Why do they do that? Throwing.
You might have noticed if you are a parent or if you work with young kids that they do some pretty strange things sometimes. A lot of times we are so busy trying to get through a moment when our kid is doing something they “shouldn’t”, that we don’t take the time to get curious about WHY they might be doing the thing they’re doing.
A big one that comes up a lot is throwing. People ask me all the time, why do kids throw toys? And the answer is...there’s not one answer. There are lots of answers. But let’s look at one reason kids throw toys.
Some kids throw toys because they don’t know what else to do with them in the moment. Seriously. It’s as if they “forget” what to do with that LEGO or block or baby. And their system sort of misfires. Don’t believe me? No?
Have you ever had a shiver? Or a strange feeling that comes over you for a second and then goes away? I’m talking about that same feeling; just with less control.
Keep in mind, our toddlers have not been on this planet very long. They’ve only just started to learn the rules of engagement, to learn the rules of gravity, to learn to control their bodies (let alone their emotions!).
But we’re programmed as parents to think that we need to teach our children not to throw. And we do. BUT…
If we can recognize that sometimes when they throw things, it’s not on purpose, that it’s just a temporary glitch, then we will do everyone a big favor.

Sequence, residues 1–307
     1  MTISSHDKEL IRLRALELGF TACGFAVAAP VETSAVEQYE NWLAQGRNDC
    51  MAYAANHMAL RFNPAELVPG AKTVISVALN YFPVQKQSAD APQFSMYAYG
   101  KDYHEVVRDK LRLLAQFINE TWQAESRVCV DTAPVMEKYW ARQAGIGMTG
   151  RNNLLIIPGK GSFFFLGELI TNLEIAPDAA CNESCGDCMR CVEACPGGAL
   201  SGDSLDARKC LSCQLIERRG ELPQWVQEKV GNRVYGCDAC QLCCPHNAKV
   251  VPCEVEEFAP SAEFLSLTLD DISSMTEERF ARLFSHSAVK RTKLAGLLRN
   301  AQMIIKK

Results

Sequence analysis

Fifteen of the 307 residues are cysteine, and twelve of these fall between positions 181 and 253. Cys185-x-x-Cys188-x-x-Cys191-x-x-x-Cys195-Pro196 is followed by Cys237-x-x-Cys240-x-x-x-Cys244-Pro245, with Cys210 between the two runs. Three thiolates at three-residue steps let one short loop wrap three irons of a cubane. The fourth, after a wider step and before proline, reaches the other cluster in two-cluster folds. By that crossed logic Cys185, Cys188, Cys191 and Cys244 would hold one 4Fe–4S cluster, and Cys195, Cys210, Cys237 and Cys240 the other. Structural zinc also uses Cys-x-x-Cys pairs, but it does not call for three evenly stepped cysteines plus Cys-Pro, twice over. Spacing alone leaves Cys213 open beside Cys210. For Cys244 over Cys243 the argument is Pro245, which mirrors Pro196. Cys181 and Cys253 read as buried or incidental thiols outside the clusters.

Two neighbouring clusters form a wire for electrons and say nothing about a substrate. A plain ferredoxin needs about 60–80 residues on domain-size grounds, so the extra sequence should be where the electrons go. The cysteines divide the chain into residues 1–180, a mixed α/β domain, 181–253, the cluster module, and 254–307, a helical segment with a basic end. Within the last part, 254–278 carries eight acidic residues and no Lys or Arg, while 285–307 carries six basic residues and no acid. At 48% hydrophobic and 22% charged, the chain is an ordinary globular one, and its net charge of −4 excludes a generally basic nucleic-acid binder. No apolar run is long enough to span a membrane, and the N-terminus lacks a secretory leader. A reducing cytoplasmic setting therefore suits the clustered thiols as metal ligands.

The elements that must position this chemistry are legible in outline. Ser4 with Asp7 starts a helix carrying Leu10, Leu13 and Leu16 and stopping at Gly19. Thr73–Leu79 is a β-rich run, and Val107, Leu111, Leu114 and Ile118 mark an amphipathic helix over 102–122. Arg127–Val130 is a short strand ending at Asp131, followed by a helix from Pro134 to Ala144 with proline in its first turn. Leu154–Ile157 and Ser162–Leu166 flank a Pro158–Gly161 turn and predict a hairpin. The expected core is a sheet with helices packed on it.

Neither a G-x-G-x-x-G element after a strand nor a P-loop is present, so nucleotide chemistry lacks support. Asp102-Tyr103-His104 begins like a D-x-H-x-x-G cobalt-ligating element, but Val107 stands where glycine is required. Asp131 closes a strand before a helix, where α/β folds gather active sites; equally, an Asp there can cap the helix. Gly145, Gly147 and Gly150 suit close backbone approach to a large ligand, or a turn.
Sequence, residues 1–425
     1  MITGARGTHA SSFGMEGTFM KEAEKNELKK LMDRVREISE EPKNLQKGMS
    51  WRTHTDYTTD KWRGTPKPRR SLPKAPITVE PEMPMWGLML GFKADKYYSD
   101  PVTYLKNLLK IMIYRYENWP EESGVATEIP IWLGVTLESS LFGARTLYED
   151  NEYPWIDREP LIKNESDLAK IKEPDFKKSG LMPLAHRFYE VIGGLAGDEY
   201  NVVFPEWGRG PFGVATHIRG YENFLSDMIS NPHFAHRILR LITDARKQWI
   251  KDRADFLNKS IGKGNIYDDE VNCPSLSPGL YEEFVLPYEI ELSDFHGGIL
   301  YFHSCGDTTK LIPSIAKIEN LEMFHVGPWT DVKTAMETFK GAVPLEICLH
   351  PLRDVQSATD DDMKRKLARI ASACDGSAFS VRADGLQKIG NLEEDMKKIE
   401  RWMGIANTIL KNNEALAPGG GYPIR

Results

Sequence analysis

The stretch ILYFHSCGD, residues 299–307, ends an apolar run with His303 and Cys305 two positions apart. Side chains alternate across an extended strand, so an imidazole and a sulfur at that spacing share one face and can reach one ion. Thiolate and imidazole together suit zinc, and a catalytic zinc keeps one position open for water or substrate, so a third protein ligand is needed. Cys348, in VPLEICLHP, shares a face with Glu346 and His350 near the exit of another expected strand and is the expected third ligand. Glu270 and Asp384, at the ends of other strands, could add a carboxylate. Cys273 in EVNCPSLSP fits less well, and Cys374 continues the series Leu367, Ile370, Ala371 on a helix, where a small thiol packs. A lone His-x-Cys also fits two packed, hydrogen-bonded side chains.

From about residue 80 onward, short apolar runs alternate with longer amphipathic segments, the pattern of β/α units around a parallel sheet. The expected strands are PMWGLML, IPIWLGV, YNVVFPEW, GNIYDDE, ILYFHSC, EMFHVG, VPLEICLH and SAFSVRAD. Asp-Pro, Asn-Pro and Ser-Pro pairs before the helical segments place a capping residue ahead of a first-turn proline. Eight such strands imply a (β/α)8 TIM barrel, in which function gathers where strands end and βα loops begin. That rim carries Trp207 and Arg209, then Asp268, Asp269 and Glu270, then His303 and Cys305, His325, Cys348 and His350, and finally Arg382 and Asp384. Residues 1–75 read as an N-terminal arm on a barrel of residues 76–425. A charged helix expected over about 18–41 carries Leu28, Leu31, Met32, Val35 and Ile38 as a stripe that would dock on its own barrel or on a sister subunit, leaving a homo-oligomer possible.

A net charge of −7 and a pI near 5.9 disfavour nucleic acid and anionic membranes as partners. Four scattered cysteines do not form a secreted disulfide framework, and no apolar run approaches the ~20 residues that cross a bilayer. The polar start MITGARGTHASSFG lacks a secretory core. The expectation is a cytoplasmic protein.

Because, if you respond with a big fat reaction, then maybe that “oops” moment turns into an “on purpose” routine that delights your child and makes you crazy. Then you will have to teach your child not to throw toys (but it will be because you taught them that throwing toys gets them lots of attention!).
If you take a moment to watch your child and see if what just happened was an involuntary glitch or not (and we’ll talk about what to do if it’s not in my next video), then you’ll know how to respond.
If the throwing was involuntary, you might choose not to react at all, and instead just keep building. You might go over and get the errant block and start cleaning up or keep building. Or, you might choose to say something neutral, like, “oops, I need that block, can you bring it here?”
It’s totally ok not to correct your child if they unintentionally do something “inappropriate”. They’re still learning (heck, so am I!)!! Let them learn that throwing is not how things work by experiencing that nothing exceptional happens when they throw.
And let me know how it goes!